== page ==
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From the point of view of narrative theory, a fascinating hybrid activity is the role-playing game. With the extraordinary success of Dungeons and Dragons since it was first published in 1974, role-playing games have proliferated among "gamers," a small but not insignificant game-addicted subset of the global population. The players enter into the game with their characters, but underlying each game is a kind of skeletal story, with critical "plot points," all under the control and the devising of the "Game Master." Here is something that appears to be narrative but that is so free that characters, while they are involved in trying to understand the larger story, have (within a wide range of limits, depending on the game) the capability of introducing events on err own. So the whole thing is a kind of collaborative enterprise in which players and Game Master produce what none of them could have intended he outset. It appears, then, to be narrative that to a degree invents itself. In this it is like theater improv. Since the late 1970s, role-playing games have transited to personal computers, CDs, the Internet, and the Web. One of the more ambitious of these (at this writing!) is Asheron's Call, an MMORPG or "Massive Multi-user Online Role-Playing Game." Evolving month by month with new elements of the master story and new plot points to uncover, Asheron's Call has some 45,000 subscribers, of whom at any one time at least 2,000 are actively playing on any one of the game's nine servers. They are busy looking for plot-points, trying to uncover the key characters and events that have been loaded into the various servers by non-players who run the whole operation. But at the same time they are meeting together, conversing, and even engaging in pretty extensive subsidiary events. It is not uncommon, for example, for players (that is, the players' characters) to get married, complete with a ceremony and celebration that others join in.
But is this narrative? If things are happening right now for the first time, do we call it narrative? Do we refer to our lives, for example, as narratives? Do we say things like: I wonder what is going to happen next in my narrative? We might do so, but it sounds strange. Also it raises a definitional problem. If there is no difference between narrative and life itself, are we not in danger of exhausting the usefulness of the term "narrative" by making it include so much? And how, then, do we distinguish between life and what we have been referring to as narrative? Do we need yet another term or can we think this through and preserve a more restricted, and therefore useful, meaning of the term "narrative"?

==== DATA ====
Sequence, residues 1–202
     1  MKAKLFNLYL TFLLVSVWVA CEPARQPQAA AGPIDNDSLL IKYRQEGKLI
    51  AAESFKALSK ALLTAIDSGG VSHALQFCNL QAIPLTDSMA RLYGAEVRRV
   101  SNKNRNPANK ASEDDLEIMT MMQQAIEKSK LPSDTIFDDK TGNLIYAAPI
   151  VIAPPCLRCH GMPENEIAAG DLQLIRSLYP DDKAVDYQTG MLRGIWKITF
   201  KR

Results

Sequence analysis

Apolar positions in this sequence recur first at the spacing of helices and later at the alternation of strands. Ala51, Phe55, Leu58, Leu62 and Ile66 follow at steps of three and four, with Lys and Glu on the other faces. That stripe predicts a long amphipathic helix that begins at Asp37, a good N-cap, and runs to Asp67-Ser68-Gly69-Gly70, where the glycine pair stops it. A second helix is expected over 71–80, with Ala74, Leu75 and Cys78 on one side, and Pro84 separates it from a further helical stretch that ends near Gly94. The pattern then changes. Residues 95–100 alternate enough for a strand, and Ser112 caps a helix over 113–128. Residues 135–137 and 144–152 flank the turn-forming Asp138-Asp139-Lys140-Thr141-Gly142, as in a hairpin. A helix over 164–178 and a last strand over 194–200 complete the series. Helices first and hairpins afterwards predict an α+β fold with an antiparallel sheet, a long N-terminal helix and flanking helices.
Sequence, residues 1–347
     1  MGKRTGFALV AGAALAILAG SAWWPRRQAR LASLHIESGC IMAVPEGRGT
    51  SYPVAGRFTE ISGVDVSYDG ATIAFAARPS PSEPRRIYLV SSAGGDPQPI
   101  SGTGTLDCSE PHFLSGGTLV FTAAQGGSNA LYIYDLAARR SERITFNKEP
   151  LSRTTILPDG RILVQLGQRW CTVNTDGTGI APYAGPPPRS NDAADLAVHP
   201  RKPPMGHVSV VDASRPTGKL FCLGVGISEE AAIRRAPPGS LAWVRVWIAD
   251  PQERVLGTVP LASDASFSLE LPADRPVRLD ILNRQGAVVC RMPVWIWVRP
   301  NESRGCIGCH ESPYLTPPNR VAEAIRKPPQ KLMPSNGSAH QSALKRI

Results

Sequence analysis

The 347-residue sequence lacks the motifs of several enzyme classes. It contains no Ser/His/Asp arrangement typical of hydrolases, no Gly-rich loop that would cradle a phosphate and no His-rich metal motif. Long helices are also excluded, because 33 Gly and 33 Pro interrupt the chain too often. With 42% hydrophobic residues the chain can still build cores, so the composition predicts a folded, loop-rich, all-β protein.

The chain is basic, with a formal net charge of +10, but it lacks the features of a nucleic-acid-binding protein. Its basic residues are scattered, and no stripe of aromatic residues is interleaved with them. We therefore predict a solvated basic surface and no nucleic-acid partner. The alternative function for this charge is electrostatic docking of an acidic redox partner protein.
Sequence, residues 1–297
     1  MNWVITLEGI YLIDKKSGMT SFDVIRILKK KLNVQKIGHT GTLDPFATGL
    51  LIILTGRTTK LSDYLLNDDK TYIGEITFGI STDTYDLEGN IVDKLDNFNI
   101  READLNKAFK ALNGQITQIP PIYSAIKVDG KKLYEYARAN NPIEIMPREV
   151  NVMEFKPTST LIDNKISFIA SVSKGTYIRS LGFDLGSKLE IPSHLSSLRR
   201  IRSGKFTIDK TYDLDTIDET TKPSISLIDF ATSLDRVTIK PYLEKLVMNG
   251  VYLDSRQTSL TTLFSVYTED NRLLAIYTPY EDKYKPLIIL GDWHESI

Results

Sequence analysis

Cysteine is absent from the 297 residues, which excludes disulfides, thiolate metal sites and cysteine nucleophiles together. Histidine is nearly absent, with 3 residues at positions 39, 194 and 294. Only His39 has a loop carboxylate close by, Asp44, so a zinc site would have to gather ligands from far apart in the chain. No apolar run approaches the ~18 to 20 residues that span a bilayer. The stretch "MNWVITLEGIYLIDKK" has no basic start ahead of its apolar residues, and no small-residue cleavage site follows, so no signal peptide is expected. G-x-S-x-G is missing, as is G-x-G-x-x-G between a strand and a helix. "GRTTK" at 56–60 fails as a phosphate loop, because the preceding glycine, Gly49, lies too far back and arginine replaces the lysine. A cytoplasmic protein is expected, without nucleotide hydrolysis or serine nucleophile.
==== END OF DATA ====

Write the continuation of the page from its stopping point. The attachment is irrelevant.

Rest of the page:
To sort this out, we might start by going back to the distinction between story and narrative. Story, you will remember, is something that is delivered by narrative but seems (important word) to pre-exist it. Narrative, by the same token, is something that always seems (again, an important word) to come after, to be a re-presentation. Narrative, in other words, conveys story, and even if Culler and others are right that the story doesn't really exist until it is conveyed, we still have the sense of story's pre-existence of the narrative that conveys it. If we hold to this useful distinction between story and narrative, then neither life nor role-playing games qualify as narrative, since there is no pre-existing story. In this sense, role-playing games, like theater improv, are like life itself. As in life, we are aware of something happening that has not been planned or written or scripted in advance -something making itself up as it goes along.